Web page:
was made that tho "oue-cyou man" wu's
President Pierce's Secretary of War,
left'ersou Davis, and Iiis compauion waa
Iiis nrivato secretary.
Nlr. Davis was in a good humor, and
jf course the two gentlemen were at once
released with many apologies.
Before leaving, Mr. Davis told Mrs.
Solde and her daugluprthat lie regretted
heir loss, and he tendered them a tweu
y dollar gold piece as nu evidence of his
ivmpntby. Mrs. Noble declined to nc
.opt tho gift, but Miss Mary ?poko up
..yes, toko it. That is some of our
noney thai thc old luoCul took."
Mr. Davis smiled and pressed thc
noney upon Mrs. Noble, wno tinnily
ook it, and carried it to her husband iii
di gus ta.
After tho olectiou of Mr. Davis to the
'residency of tho SouLheri; Confodora
y, Mr. Noble, then a prosporons oon
rnotor, visited him at Montgomery on 1
dked with him about manufacturing
Mr. Davis asked bim several questions
nd then referred to the loss of tho
lict.t. Bo introduced Mr. Noble to Mrs.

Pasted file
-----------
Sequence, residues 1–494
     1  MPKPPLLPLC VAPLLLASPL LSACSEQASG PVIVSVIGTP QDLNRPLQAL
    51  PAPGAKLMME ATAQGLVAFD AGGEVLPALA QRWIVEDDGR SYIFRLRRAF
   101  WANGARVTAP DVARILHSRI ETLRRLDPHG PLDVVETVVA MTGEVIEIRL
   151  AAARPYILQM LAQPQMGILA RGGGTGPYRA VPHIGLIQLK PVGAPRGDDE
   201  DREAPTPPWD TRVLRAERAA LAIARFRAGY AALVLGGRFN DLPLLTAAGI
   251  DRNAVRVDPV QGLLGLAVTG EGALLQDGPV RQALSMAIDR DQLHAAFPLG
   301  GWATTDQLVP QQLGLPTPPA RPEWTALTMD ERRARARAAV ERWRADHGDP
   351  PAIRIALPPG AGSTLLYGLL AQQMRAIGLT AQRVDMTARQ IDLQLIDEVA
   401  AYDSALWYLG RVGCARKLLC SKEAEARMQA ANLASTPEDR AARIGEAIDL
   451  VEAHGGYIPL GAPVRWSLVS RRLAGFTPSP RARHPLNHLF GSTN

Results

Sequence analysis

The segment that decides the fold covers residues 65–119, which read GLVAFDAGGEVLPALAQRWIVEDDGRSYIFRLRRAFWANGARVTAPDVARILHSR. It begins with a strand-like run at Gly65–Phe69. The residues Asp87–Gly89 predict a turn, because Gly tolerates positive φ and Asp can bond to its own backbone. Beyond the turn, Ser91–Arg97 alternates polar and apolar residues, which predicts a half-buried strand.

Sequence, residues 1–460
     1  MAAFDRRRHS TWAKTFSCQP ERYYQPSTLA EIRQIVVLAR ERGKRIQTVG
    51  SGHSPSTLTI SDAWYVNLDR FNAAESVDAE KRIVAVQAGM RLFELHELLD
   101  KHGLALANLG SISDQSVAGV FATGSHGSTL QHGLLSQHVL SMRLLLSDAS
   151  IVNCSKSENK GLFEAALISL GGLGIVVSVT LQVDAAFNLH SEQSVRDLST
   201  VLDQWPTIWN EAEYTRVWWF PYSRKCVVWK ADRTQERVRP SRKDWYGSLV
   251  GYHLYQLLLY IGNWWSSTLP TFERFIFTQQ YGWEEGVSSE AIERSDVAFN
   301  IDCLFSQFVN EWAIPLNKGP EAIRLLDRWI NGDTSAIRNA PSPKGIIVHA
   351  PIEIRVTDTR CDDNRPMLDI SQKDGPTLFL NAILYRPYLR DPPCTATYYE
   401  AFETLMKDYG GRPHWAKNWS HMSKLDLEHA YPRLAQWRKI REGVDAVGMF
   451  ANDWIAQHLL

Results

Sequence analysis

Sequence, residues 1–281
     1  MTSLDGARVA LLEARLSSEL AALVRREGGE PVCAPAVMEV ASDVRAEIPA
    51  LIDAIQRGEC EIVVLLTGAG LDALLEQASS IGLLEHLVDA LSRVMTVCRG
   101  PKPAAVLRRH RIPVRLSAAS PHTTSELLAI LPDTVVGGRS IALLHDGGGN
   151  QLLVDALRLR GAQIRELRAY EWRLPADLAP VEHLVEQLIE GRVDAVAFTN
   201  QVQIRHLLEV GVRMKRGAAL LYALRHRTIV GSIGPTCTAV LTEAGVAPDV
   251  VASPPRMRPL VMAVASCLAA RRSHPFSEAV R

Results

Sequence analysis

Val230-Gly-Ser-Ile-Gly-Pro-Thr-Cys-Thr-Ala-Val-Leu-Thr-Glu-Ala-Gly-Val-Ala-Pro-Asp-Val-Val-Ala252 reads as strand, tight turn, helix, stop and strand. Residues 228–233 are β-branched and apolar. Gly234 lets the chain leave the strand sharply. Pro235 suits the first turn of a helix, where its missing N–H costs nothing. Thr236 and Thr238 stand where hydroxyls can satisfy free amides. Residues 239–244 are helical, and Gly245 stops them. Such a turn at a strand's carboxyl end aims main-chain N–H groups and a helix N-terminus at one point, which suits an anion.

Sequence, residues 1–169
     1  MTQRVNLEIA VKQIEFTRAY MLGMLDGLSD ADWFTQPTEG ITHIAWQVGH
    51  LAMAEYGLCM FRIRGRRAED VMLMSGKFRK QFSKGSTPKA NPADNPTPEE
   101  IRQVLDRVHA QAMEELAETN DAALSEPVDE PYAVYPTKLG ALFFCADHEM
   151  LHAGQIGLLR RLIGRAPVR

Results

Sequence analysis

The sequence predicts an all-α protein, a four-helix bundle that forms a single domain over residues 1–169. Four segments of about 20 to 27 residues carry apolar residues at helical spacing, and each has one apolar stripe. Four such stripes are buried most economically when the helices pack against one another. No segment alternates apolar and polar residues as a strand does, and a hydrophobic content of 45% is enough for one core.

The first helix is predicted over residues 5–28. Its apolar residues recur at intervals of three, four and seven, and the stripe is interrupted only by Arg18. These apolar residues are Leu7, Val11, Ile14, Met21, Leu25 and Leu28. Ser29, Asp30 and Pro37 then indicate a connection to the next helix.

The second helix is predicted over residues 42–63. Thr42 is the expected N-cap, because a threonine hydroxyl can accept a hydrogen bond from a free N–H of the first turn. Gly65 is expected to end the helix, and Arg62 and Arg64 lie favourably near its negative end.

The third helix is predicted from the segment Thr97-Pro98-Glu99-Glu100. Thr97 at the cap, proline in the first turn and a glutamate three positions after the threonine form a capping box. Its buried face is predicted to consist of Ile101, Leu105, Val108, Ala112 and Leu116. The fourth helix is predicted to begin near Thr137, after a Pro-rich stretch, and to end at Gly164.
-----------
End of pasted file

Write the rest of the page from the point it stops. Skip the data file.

>nvis and told tho story of tho arrest.
Its. Davis laughed heartily over tim in
?dont, and with ber husband took quito
Q interest in tho Nobles fron) that time.
Noble went to work and made httn
reds of cannon for tho Confederacy,
nitor he founded and built un thc
ourishiiig city of Annibtou, Alumuna.
a the midst of his prosperity ho is still
eviiled to tho "ono-oyed man" who was
noe supposed to be the author of his
Tho \ Irglala Debi.
RICHMOND, Dec. 7.-Governor Lee, In
!s message to thc General Assembly lo
ny, in view of the recent decision by the
tilted States Supreme Court, declaring
ic Act of M?V l-l, 1*87. constitutional
nd valid, and reversing tho dccinion of
udge I', md in regard to thc eleventh
mcmhnenl of the Federal Constitution,
rollin cals thc passage of a joint r?solu
on suspending thc legal proceedings
gainst these who have tendered coupons